1) Your Citizenship
2) Your ability to meet KYC requirements and prove the money source
3) Your Deposit Amount
4) Whether you incorporate a local company or not
To open an offshore account, you are almost certainly going to be required to travel there in person and apply. It’s very difficult to open an online offshore account right now.
These may vary depending on the bank, but you can certainly expect to be able to furnish the following:
- A Passport
- Identity papers (e.g. social security number, a driver’s license, etc)
- Proof of address (your home lease papers, home ownership papers, or utility bills, or some other proof)
- Banks statements from your existing bank (anywhere from six months to a year)
What If I Travel To Singapore to Open an Offshore Account?
There is a little anecdotal information on the Internet that suggests people have traveled to Singapore and opened an account, but you should be very careful what you believe on the Internet. Plus, their post may have been from years ago when it “was” easier to open an account over there.
If you are willing to travel there, then these banks “may” consider you for an account, but you are going to have to convince them that you are going to put over $200,000 in on a regular basis and/or maintain a very high bank balance.
- Bank of Singapore
- Standard Chartered
They often have maintenance fees, but most are maintenance-free free if you maintain a certain bank balance. All of the banks in Singapore have online banking facilities, and almost all of them have wire transfer fees and multi-currency account options.
Opening an Offshore Account as an American Citizen
If you are an American, expect a serious uphill battle when trying to open an account. Recent tax evasion scandals such as the Panama Papers have had the US tightening banking regulations and requiring tax haven countries to comply with new regulations.
As such, Singapore has made it more difficult for Americans. Singaporean banks require proof of your address in the US, which includes bills from your utility companies and your bank. You will require a valid passport to open your account, and you will need a recommendation from your current bank. Some countries are blacklisted, where the residents of blacklisted countries are not allowed accounts in Singapore (the US is not one of them). The bank will want a good reason as to why you want your account. Not only will your reason have to be good, it should also avoid sounding like it may cause future problems (such as saying that declining currency values are hurting your business).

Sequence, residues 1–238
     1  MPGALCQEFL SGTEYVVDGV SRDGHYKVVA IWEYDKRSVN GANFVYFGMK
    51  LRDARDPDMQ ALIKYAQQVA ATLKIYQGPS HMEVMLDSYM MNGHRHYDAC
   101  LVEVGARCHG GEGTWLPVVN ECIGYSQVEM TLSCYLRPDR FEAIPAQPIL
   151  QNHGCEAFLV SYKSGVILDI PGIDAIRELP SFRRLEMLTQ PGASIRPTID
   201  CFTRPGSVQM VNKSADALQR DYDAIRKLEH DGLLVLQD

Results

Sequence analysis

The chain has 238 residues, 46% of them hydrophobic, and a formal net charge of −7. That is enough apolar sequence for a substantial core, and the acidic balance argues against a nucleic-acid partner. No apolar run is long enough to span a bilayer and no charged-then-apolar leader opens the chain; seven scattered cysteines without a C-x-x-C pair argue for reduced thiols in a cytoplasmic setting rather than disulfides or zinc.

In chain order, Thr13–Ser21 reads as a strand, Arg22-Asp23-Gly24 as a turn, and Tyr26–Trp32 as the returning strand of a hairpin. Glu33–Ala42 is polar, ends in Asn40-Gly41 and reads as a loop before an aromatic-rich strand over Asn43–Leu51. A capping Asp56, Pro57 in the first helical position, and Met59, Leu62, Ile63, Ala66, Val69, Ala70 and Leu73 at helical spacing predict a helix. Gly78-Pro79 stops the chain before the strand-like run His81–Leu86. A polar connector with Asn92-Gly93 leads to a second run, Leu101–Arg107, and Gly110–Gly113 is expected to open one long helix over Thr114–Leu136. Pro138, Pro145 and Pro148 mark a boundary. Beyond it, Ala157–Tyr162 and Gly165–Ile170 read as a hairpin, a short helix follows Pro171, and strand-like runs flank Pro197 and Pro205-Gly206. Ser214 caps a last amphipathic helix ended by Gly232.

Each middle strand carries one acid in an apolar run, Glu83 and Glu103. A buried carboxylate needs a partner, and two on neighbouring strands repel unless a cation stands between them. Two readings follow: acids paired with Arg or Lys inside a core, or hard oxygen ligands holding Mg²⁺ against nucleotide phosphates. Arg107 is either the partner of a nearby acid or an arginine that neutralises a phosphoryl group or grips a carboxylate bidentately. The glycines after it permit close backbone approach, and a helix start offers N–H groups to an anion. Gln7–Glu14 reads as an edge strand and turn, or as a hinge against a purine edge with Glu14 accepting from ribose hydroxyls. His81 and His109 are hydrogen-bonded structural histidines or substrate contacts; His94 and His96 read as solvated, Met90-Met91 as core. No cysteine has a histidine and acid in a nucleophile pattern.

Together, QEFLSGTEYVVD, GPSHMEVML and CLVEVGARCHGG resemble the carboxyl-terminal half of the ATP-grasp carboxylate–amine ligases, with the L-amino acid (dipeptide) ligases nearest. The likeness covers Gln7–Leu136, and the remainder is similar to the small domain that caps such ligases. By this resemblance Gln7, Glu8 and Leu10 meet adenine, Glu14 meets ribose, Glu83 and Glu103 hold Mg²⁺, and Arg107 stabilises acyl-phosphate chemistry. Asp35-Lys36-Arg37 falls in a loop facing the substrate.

The banks in Singapore are reluctant to allow US citizens to open accounts unless they have a lot of money to invest in their accounts, and even if they do, the banks do not like dealing with the US government and the IRS. They have to declare all of the assets held by US customers in their banks, which is very expensive. The banks are typically money grubbing, to the point where you may be slapped with a fee if you deposit money by hand.
Tip: Go In Person
It’s possible to open a bank account in Singapore in person. In fact, this is probably the best way to be certain you can open a bank without problems. Don’t fall for an online scam that says you can open a legit offshore bank account with a reputable Singaporean bank with a couple mouse clicks and a fee.
You are going to have to hit the pavement yourself. Make sure you bring ALL major documents (ID, passport, copy of your bank account statements, proof of home residency, letter from your home bank) with you so you can furnish all required documents in person when you sit down to apply for a bank account.
There are some people that simply tour the banks in Singapore, going from one to the other until they get their account. There are some people that fear this type of behavior may negatively affect their credit rating, but people that invest in Singapore usually have fantastic credit ratings. Plus, many of the banks are not interested in your credit rating if you are not looking for any form of bank lending in the future.
In most places, you will need an appointment, but you can walk in, set one up, and then walk next door and try them. You will need access to your initial deposit money so that you may pay it in on the same day that you open your account. You may also find a local mobile phone number is useful too, and it is possible to buy a prepaid SIM card can help you with this.
How to Open a Business Offshore Account in Singapore (The Guaranteed Way)
As you can see, it’s a lot of trouble trying to open an offshore PERSONAL account in Singapore. Frankly, I wouldn’t bother trying to open an offshore account as a non-resident.
However, there is a guaranteed method that will work for everyone: incorporate in Singapore and open a business account for that corporation.
You can easily incorporate in Singapore, and once you have your papers, take those to a bank and open a business account.
There are various 3rd party companies that will handle setting up the paperwork and incorporating the company. So don’t need to do this yourself if you hire a company that specializes in this (do a google search, there are many such).
There are some things to be aware of, such as needing a local person to be your company nominee/director there (you can pay for this), having a physical address on record in Singapore (you can pay for this), filing yearly paperwork (you can pay for this).
Opening the Bank Account…
Once you have incorporated and have the appropriate paperwork, you can then open a bank account with any bank in Singapore. You might be able to nominate someone (say a company) to set up the company for you if they have the papers, but you might be required as the company owner / shareholder / director to show up in person. So an in-person trip might not be avoidable.